Bringing strong and supportive women together paid off for her that same year when a sub-metering division of the Onyx Group received a $100,000 federal government grant through the Women Entrepreneurship Fund. “I felt particularly proud because that space (sub-metering) is very male-dominated.”

She’s seeing more women rising up in leadership roles, but has noticed hesitation from some of the trades.

“A lot of people don’t know that as part of my early career, I sold construction materials. We had to do a roof inspection on an industrial roof and, I won’t name the company, but he suggested I didn’t need to come up to look.”

Many female managers begin as administrators and work their way up. “We share the path our staff have taken and what it could look like for them. Females within the industry are supporting each other in a wonderful way. I don’t think the career is for the faint at heart, but it’s very rewarding.”

Elaina Kutz is co-founder of Three By Three Inc, a boutique condominium management company in Calgary, Alberta. By the time the 39-year-old entrepreneur bought a unit in a self-managed condo, she already owned several revenue properties. She volunteered for the board and quickly discovered the amount of work involved in self-managing.

“We were all getting burnt out,” she says. When they started to look into condo management firms to take over, costs were “crazy expensive” and she was told the 16-unit condo didn’t translate to enough profit.

Every now and then she’d joke with another woman board member about starting a condo management company. Initially, the two hadn’t got along, but after a board meeting one evening, Kutz convinced her to go for drinks.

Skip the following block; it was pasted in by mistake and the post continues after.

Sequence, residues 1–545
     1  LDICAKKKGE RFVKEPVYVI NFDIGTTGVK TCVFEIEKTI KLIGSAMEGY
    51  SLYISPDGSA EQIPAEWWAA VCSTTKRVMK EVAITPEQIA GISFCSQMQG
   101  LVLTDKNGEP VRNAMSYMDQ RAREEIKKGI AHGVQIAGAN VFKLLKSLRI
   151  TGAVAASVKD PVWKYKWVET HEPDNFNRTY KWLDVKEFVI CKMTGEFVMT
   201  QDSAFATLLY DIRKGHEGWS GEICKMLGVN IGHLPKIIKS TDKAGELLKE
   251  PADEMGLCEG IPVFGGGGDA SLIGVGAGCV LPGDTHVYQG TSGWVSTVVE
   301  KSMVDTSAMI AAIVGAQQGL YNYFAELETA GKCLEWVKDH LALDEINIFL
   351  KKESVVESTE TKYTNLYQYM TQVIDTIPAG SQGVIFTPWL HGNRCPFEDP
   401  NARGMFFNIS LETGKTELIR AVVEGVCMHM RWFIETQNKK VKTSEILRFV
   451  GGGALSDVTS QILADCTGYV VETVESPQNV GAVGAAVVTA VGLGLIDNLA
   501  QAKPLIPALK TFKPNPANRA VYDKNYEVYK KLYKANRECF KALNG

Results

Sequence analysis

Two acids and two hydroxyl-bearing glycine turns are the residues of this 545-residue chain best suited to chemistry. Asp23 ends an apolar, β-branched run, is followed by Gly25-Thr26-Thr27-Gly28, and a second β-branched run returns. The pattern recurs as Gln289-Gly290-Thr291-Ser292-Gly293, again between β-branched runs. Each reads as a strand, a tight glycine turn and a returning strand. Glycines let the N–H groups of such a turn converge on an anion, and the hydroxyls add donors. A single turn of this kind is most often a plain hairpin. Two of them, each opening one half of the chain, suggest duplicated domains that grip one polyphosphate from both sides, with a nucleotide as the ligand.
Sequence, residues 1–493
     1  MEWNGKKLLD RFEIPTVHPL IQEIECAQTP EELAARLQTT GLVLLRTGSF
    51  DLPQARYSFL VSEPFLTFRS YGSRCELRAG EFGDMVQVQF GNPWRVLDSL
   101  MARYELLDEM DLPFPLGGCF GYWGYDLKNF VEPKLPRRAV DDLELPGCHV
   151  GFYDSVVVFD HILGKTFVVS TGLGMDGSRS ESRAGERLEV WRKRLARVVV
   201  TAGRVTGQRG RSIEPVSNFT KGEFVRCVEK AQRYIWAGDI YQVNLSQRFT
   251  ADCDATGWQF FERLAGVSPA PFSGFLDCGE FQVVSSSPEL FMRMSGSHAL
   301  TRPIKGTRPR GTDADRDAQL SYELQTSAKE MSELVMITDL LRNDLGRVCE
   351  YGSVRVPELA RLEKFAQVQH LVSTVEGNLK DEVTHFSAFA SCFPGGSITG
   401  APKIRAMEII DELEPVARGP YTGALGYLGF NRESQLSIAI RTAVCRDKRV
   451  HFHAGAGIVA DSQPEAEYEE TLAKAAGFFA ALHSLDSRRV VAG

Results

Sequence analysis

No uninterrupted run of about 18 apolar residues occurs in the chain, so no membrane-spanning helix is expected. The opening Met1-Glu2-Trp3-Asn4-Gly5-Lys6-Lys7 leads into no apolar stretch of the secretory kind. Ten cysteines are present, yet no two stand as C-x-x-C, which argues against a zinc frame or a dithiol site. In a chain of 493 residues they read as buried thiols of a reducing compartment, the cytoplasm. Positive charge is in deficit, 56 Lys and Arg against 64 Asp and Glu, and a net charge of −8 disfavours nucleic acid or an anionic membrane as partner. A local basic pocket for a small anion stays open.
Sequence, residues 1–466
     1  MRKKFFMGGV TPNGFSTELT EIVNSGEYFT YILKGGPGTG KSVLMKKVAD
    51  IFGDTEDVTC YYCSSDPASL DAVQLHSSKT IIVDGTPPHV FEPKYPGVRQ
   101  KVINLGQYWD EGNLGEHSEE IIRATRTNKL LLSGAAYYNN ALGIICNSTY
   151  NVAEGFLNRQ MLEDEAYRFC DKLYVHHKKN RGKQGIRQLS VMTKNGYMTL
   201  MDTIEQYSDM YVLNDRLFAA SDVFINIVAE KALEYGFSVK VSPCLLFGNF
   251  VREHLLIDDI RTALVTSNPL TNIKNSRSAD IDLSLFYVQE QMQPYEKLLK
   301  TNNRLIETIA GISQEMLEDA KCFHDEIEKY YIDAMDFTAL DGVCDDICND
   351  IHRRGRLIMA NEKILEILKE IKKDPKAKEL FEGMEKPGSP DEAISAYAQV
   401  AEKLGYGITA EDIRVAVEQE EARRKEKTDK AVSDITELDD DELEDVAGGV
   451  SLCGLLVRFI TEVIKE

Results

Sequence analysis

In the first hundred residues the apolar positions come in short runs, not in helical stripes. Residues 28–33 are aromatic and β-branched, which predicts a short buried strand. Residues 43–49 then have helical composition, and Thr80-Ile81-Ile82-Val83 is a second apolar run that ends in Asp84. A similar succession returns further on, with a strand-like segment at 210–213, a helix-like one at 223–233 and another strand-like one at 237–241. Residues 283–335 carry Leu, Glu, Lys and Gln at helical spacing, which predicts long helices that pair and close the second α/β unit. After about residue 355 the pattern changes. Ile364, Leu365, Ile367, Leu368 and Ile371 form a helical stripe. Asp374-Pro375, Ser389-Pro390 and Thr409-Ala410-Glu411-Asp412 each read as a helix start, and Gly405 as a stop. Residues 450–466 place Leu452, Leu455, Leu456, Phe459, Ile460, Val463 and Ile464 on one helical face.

Both agreed that “someone needed to look after the little guys,” so the conversation around managing condos returned and Three By Three was formed. The name is based on three women using three very different methodologies. Employees work remotely and maximize the use of Google Suite.

She asserts that to make a difference in this industry, it’s not whether you’re male or female, but how you handle tricky situations. “The way that some individuals speak to me versus how they would speak to a male is very different,” she says.

Discussing organization, all three women say they strategize their days using calendars, and keeping on top of their emails is paramount.

“My inbox is organized,” explains Joy. “I have a bajillion folders—probably more folders than anyone needs.”

Kutz also agrees that inbox organization is an important tool. “Being at a zero inbox is a massive takeaway that I would recommend anybody do,” she says. “I live and die by my calendar. Anytime anybody wants anything, it goes in my calendar.”

Reiner says that keeping connected to her team has been an important structuring tool. “We have team meetings and talk about what’s getting us stuck. When I get to the office each day, I get my ideas into a OneNote and decide how I’m going to tackle the day.”

For anyone considering a career switch into condominium management, Kutz recommends researching how the company operates. “The work-from-home option for someone new to the industry is phenomenal. Being male or female is irrelevant; you still end up with chaos on your plate.”

Sarah Farr is a writer, researcher and condo geek. In her spare time, she writes about historical true crime from her hometown of Hamilton, Ontario.